can be used when applying a paste, cream, or ointment
that needs to cover a certain area. However, both are used
for linear measurements; for example, to measure wound
size, head circumference, abdominal girth, and height.

Dosage Calculations: Converting


Between Systems
Whenever the physician orders a drug in a unit that is
in a different system from the drug that is available,

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Approximate Equivalents

123

Table 6.1 Commonly Used Approximate


Equivalents: Metric, Apothecary,
and Household Systems of Measure
Metric

Apothecary

Household

1 drop

4 mL
5 mL
15 mL
30 mL
180 mL
240 mL

1 gtt = 1 m
(minim)
1 dram

4 drams
8 drams

500 mL
1,000 mL (1 L)
6065 mg
1 g (1,000 mg)
1 kg (1,000 g)
1 mg = 1,000 mcg
2.5 cm

1 pt
1 qt
1 gr
15 gr

1 teaspoon (tsp)
1 tablespoon (tbsp)
2 tbsp (1 oz)
1 teacup (6 oz)
1 glass/measuring
cup (8 oz)
1 pt (16 oz) = 2 cups
1 qt (32 oz) = 4 cups

2.2 lb

1 inch

convert to the available system. You want to work in


the system of the drug that you have on hand.
R U L E
Whenever the desired and available drug doses are in two
different systems: Choose the equivalent value and solve
for x. Always change the desired quantity to the available
quantity.

You can use one of three methods to convert


between systems: the conversion factor method, ratio
and proportion, or dimensional analysis. With each
method you must first remember the equivalent value!

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124

UNIT 2

Measurement Systems

The Conversion Factor: Use the equivalent value


and either multiply (going from a larger to a smaller
unit) or divide (going from a smaller to a larger unit).
EXAMPLE:

A physician ordered gr 1 1 2 of a medication. You need to give _____ mg.


Equivalent value: 1 gr = 60 mg
Move from a larger unit (grain) to a smaller
unit (milligram). Multiply by the conversion factor (60 mg).
gr 1 1 2

60 =

3
60 30

= 90 mg
1
12
ANSWER: 90 mg

Ratio and Proportion: Select the equivalent value


and then set up the proportion using either a colon or
fraction format.
EXAMPLE: #1 Give 1.5 ounces of an elixir that is avail-

able in mL.
Change ounces to mL. Choose the
equivalent value.
30 mL = 1 ounce
Complete the proportion. Write down
what you know. A fraction format is
used here.
30 mL
x mL
=
1 oz
1.5 oz
Solve for x:
x = 30 1.5 = 45 mL
ANSWER: 45 mL

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125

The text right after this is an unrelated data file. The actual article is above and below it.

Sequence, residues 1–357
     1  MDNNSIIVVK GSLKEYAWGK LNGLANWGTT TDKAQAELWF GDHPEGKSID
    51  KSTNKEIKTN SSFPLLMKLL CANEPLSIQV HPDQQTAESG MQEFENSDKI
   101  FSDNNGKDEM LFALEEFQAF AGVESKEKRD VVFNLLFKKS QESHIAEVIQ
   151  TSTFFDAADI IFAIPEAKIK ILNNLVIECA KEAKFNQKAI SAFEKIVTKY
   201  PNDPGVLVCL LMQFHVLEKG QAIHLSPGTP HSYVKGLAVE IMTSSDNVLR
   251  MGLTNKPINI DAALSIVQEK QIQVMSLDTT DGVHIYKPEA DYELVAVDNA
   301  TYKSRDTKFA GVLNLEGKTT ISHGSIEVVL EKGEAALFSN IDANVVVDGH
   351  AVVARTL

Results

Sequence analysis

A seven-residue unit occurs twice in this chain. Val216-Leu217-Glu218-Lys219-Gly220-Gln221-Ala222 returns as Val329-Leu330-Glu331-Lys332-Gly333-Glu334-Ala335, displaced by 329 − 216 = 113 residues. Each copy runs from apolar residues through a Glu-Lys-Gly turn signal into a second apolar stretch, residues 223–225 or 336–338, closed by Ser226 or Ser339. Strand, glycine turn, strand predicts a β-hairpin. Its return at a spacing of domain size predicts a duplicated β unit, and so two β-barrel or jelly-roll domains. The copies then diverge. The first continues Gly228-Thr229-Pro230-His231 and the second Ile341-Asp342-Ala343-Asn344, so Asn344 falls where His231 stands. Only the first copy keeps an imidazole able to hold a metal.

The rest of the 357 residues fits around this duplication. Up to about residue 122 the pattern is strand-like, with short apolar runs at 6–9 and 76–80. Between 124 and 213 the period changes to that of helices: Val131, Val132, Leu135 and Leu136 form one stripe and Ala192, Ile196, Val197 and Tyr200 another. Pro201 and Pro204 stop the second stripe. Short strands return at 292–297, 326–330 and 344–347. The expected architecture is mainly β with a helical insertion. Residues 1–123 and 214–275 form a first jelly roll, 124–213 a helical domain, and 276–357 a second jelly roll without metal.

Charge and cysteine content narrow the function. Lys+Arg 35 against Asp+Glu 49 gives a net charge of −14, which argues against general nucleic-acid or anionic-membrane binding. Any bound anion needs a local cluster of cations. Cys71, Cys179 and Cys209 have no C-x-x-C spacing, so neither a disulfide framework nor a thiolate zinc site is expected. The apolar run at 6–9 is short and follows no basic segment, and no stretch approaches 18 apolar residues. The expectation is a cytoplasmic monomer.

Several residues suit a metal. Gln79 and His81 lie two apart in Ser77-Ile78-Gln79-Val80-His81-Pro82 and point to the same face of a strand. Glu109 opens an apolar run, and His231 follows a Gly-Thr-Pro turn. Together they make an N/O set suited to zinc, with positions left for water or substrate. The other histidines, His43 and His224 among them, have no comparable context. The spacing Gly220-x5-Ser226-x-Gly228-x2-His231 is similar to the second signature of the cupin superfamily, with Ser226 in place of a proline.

EXAMPLE: #2 Give gr 1/4 of a drug that is available in mg.

Select the approximate equivalent value


and convert to the system that you have
available.
Change gr 1/4 to mg
(mg are available).
Choose the equivalent value.
60 mg = 1 gr
Complete the proportion. Write down
what you know. A colon format is used
here.
60 mg : 1 gr :: x mg : gr 1/4
x = 60 1/4
Solve for x:
15

60

1
= 15, x = 15 mg
41
ANSWER: 15 mg

Dimensional Analysis: This is presented in detail in


Chapter 8.

PRACTICE PROBLEMS
Complete the following. Solve for x or the unknown
by using a fraction or colon format.

1. 12 oz =

mL

2. 0.3 mL =

3. 30 mL =

tbsp

4. 45 mg =

gr

5. 2 tsp =

mL

6. 30 kg =

lbs

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126

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Measurement Systems

Complete the following. Solve for x or the unknown


by using a fraction or colon format.

7. gr 1/200 =
9. 30 gr =

mg

8. 3 pt =

mL

10. 300 mcg =

11. 30 mL =

oz

12. 4 tbsp =

13. 6 mg =

gr

14. 3 g =

gr

16. 2 qt =

oz =
18. ss

mL

15. 1 L =
17. 2.2 lb =

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qt
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End of
Chapter
Review
Complete the following. Solve for x by using a fraction or colon format.

1. A child who weighs 55 lb weighs

kg.

2. Two (2) grams of Metamucil powder is equivalent


to
gr.
3. A patient is restricted to four 8-ounce glasses of
water per day or
mL per day.
4. A patients abdominal wound measures 10 cm in
diameter. The nurse knows that this is equivalent
to
inch(es).
5. A child was prescribed 10 mL of cough syrup
four times a day, as needed. The childs mother
administered
tsp each time the medication was given.
6. The nurse administered aspirin gr v. She knew
this was equivalent to
mg.
7. The nurse instilled 3 minims of an eye drop into
the patients right eye, three times per day. The